South Carolina will get a new chief justice leading its judicial system Friday, but only for one year.
Chief Justice Jean Toal turned 72 years old earlier this year, meaning she reached the mandatory retirement age on the state Supreme Court. Toal’s final day in office was Thursday.
Legislators voted unanimously in May to promote Associate Justice Costa Pleicones to the top spot. However, the 71-year-old Pleicones will only be allowed to hold the position for one year before he also reaches the retirement age.
Toal has led the Supreme Court since 2000 and has served on the court for 27 years. Pleicones has been an associate justice for the past 16 years. Legislators will vote this spring among three candidates seeking to fill the newly-open spot on the court. They will also choose a new chief justice to eventually replace Pleicones.
Pleicones is a Greenville native with degrees from Wofford College and the University of South Carolina School of Law. He served in the Judge Advocate’s General Corps during the Vietnam War and continued to be in the Army Reserve even after he left active service to become a public defender and later a municipal judge. He was eventually appointed as a circuit judge in 1991.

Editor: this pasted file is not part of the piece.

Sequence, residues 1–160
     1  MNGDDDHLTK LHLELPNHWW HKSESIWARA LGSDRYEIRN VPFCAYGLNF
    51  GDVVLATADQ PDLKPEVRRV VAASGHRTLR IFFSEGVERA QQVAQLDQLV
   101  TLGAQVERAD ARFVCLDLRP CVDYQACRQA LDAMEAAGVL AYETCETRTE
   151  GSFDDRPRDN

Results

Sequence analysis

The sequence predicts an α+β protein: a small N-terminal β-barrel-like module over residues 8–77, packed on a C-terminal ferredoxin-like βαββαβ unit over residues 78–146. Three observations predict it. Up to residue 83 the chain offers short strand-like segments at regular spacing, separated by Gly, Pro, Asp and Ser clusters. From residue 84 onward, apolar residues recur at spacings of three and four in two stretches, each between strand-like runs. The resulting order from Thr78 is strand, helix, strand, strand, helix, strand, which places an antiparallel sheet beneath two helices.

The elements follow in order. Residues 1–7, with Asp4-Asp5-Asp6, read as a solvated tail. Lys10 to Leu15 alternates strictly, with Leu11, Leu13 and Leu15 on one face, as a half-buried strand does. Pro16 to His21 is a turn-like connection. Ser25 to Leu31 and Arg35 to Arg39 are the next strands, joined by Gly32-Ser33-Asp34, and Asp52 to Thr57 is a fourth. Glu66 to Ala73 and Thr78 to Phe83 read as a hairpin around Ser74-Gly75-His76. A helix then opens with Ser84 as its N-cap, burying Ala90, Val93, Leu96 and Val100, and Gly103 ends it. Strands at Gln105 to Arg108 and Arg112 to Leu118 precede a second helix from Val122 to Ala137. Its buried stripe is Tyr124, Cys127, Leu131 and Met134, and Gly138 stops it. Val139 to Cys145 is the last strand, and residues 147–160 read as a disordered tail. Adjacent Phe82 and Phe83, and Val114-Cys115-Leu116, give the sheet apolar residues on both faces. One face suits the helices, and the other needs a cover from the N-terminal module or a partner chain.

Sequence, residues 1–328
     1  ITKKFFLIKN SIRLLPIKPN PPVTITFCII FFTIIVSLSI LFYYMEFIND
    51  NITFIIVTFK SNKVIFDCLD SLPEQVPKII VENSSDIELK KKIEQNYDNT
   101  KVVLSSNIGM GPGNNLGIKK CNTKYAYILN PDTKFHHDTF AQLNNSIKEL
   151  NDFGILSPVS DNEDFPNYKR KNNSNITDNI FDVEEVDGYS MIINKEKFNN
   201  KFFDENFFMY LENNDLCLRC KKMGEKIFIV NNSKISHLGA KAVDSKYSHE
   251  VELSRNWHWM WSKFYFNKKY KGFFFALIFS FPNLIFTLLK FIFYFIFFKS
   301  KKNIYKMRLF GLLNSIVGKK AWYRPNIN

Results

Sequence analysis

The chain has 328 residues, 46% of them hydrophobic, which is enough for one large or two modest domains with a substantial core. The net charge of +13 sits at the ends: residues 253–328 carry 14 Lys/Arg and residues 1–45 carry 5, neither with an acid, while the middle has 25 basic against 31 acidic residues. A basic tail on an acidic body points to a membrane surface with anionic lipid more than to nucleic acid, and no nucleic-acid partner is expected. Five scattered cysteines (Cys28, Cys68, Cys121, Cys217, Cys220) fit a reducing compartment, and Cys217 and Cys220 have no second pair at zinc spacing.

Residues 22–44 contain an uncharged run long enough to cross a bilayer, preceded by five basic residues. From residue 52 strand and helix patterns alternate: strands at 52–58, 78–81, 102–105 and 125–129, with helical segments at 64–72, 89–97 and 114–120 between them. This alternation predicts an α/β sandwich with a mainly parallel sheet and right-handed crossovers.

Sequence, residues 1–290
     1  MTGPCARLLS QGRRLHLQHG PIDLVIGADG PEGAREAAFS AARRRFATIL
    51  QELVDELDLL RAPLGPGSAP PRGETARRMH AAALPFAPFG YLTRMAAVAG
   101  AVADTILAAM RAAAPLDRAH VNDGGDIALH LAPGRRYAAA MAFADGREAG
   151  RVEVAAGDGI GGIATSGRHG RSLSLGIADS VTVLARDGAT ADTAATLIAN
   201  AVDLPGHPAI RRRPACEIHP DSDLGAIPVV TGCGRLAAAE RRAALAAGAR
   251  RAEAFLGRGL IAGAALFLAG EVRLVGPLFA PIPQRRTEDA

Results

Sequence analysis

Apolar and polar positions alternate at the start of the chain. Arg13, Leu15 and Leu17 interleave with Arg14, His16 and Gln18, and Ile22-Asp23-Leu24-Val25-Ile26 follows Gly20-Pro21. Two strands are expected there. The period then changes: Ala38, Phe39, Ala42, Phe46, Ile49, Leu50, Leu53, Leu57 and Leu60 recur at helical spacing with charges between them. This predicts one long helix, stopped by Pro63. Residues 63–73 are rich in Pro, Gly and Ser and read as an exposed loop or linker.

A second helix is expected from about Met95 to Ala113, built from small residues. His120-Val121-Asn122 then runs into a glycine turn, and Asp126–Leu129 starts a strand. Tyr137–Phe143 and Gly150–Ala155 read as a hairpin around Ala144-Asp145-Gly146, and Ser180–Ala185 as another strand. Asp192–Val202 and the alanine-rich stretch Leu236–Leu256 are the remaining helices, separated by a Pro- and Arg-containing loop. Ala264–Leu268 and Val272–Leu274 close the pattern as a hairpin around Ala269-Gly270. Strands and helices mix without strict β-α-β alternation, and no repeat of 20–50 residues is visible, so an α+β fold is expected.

He told the Charleston Post & Courier that he plans to push for a standardized bar exam for all law students graduating in South Carolina and also hopes to secure a pay raises for judges.
Pleicones is married with two daughters and one grandchild, according to his Supreme Court biography.
South Carolina is one of the only states that has its legislature both nominate and elect judges on its highest court. The three candidates seeking the fifth spot on the Supreme Court are Administrative Law Court Judge Ralph King Anderson III, Court of Appeals Chief Judge John C. Few and Court of Appeals Judge H. Bruce Williams.